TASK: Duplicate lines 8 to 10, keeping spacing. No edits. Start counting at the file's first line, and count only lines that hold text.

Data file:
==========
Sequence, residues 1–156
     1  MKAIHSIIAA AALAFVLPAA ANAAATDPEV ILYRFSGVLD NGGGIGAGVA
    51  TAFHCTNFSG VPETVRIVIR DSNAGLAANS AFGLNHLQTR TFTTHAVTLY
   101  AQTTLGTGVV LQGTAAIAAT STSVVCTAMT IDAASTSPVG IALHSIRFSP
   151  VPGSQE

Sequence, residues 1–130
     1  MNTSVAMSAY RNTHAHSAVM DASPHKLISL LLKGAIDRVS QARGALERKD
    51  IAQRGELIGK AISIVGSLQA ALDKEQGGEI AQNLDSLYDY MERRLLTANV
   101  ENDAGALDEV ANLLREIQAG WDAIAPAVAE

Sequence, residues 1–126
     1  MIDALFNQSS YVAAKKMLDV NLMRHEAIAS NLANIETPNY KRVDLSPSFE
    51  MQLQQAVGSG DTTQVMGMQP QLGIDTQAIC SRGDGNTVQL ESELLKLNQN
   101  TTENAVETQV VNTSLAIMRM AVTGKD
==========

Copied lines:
    51  IAQRGELIGK AISIVGSLQA ALDKEQGGEI AQNLDSLYDY MERRLLTANV
   101  ENDAGALDEV ANLLREIQAG WDAIAPAVAE

Sequence, residues 1–126